About a week and a half ago, I carefully read the Policy Distillation paper from DeepMind. The algorithm is easy to understand yet surprisingly effective. The basic idea is to have student and teacher agents (typically parameterized as neural networks) acting on an environment, such as the Atari 2600 games. The teacher is already skilled at the game, but the student isn’t, and need to learn somehow. Rather than run standard deep reinforcement learning, DeepMind showed that simply running supervised learning where the student trains its network to match a (tempered) softmax of the Q-values of the teacher is sufficient to learn how to play an Atari 2600 game. It’s surprising that this works; for one, Q-values are not even a probability distribution, so it’s not straightforward to conclude that a student trained to match the softmaxes would be able to learn a sequential decision-making task.
It was published in ICLR 2016, and one of the papers that cited this was Born Again Neural Networks (to appear in ICML 2018), a paper which I blogged about recently. The algorithms in these two papers are similar, and they apply in the reinforcement learning (PD) and supervised learning (BANN) domains.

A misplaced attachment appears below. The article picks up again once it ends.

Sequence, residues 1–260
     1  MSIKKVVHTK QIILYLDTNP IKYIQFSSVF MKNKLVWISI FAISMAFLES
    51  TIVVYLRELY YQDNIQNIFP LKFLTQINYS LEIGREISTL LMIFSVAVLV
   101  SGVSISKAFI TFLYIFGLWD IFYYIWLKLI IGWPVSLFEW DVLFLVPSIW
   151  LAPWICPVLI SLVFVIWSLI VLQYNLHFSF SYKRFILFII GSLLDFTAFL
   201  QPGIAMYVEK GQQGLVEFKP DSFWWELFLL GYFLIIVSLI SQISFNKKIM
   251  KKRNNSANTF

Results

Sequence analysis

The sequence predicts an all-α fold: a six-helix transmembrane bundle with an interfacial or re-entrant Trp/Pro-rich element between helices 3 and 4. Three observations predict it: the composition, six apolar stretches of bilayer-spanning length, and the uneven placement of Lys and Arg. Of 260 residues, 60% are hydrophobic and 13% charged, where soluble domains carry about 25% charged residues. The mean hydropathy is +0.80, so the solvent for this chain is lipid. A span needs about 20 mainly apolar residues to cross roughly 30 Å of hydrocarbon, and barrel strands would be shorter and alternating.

After reading both papers, I developed the urge to understand all the Policy Distillation follow-up work. Thus, I turned to Google Scholar, one of the greatest research conveniences of modern times; as of this writing, the Policy Distillation paper has 68 citations. (Google Scholar sometimes has a delay in registering certain citations, and it also lists PhD theses and textbooks, so the previous sentence isn’t entirely accurate, but it’s close enough.)
I resolved to understand the main idea of every paper that cited Policy Distillation, especially with how relevant the paper is to the algorithm. I wanted to understand if papers directly extended the algorithm, or if they simply cited it as related work to try and boost up the citation count for DeepMind.
I have never done this before to a paper with more than 15 Google Scholar citations, so this was new to me. After spending a week and a half on this, I think I managed to get the gist of Policy Distillation’s “follow-up space.” You can see my notes in this shareable PDF which I’ve hosted on Dropbox. Feel free to send me recommendations about other papers I should read!